I'm going to have a car chase in my feng shui adventure tomorrow and I was hoping to get a few good ideas for mechanics. I own no suplements, so if there are rules in there that you can restate that would be great too.
rightn now I'm thinking:
Opposed driving checks between vehicals. winner either closes with the vehical or pulls ahead (depending on intent) by a number of meters equal to twice the difference in outcome.
when the vehicles are in close proximity, combat can take place. make initiative checks when the vehicals are within range and dont have too much stuff (like civilian cars) in between.
The guns skill is capped at the skill of the drivers drive skill for all characters in the vehicle.
any other thoughts?
[color=darkblue]Copied from this thread of Kiero's at RPGnet:
"Here's a basic overview of vehicle combat [from Golden Comeback], without stepping on too many IP toes...
Basically, every vehicle has a Pep score, which is just a modifier to the PC's Drive stat. It also has a Wreck score, which is like damage. When the Wreck is reduced to zero, the driver starts making checks to keep the car from ... uh, wrecking.
Wreck is a simplified Damage score. Instead of doing their regular listed damage to vehicles, most firearms do one point of Wreck damage, shotguns do two, and special effects such as Blast schticks may do a point or two more.
Chase rules are simple, too. Whoever rolls highest on their Drive score is the leader that sequence, and three consecutive Drive successes allows the leader to 'escape' the chase if he chooses (leaving the other cars in the dust).
Add car stunts to your liking, and voila, instant chase and vehicle combat scenes! They work well for spaceship dogfights, too. "
[color=darkblue]My advice is don't mess with technicalities such as meters pulled ahead or anything so specific. Not necessary to worry about exact distances. Whoever rolls highest on their Drive check is the Leader for that sequence, which gives +1 AV to attacks and Drive rolls for everyone in that car. You really don't need to add anything more complicated than that, unless you're really into doin' math each round.
I tried those rules from Golden Comeback. I didn't like them. It seems to be rather complicated to introduce the concept of wreck damage and extra
wreck-ratings for certain weapons. Even worse some types of weapons allow adding the outcome, while others don't.
What worked better, at least for me, was treating vehicles like characters
and races like fights.
- give it hitpoints and toughness/armor, depending of it's type:
type: hitpoints (toughness)
motorcycle: 5 (5)
medium sized car: 10 (8 )
big truck: 50 (10)
tank: 100 (12, may not be very realistic, but it will work for the game)
IMPORTANT: don't see these values as laws engraved in stone.
Vary them to the appropreate dramatic feel and pacing you want to
- the AV to hit the vehicle is the drivers AV + a specific vehicle modifier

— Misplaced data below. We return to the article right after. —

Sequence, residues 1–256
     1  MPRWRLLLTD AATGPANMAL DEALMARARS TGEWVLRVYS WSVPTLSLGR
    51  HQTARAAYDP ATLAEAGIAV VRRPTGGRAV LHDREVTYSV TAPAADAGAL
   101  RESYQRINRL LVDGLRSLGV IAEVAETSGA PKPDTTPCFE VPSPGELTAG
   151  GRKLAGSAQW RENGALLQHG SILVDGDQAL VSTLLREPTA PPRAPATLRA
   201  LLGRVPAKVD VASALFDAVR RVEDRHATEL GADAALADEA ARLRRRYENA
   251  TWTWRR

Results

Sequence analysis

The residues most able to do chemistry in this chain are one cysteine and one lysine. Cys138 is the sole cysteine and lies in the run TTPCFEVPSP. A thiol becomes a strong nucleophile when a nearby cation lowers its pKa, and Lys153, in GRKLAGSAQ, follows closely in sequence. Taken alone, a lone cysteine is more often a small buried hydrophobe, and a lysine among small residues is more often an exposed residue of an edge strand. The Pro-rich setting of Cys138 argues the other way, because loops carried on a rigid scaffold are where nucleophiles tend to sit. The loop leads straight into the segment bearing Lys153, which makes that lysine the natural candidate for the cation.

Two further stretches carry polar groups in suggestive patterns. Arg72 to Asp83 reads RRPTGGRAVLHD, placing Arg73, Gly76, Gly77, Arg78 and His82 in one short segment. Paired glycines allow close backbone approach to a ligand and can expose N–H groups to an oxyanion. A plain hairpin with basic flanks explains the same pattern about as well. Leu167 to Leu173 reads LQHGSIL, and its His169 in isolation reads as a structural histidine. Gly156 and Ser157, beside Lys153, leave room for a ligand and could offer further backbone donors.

(for those you can use the values given in Golden Comeback)
Another tip: The fewer vehicles involved, the tougher make them.
It can be alot of fun, taking them out piece for piece. (Think of
fallig off doors, exploding mounted weapons, burning engines...)
Depending on their number/type go with one of these possibilites:
Give them a certain ammount of hitpoints, but no toughness,
so you can quickly calculate, how much is left of them.
Alternatively just use the outcome rule for mooks.
Think of mooks on motorcycles as common mooks on wheels.
Winning the chase:
Here you can play by the rules in Golden Comeback. But you can
also define certain conditions for a successful escape, etc.
Like "destroy the black limo" or "get to the other side of the river,
though all bridges are guarded"...
Famous examples for "Named Vehicles":
That old Mark IV tank in Indana Jones and the last crusade. This is
definitly a tough one. Named characters sat in it and it gave our hero
alot of trouble.
The rusty truck in Spielbergs "Duel" or the truck from "Raiders of the
lost Ark" (Spielberg definitly knows how to make vehicles important
parts of the action)
The former police car in "The Blues Brothers"
Those helicopters in Rambo II and III
Actually, there's a Named Vehicle in one of the Marked for Death scenarios (long out of print). A Buro attack helicopter... can't recall the name, "Roscoe" I think?
This was way before the Golden Comeback vehicle rules. I've seen it done both ways... the GC rules are a bit more abstract but fairly quick if all you want to do is move things along to the next fight scene. Treating each vehicle as a named character will probably make the chase scene longer, as keeping track of damage is a little more involved.
I've also heard very excellent things about how Spycraft handles car chases... I think they use a deck of driving maneuvres or something? It sounded a little similar to the GC vehicle rules, so you might be able to port over at least the abstract stuff fairly easily.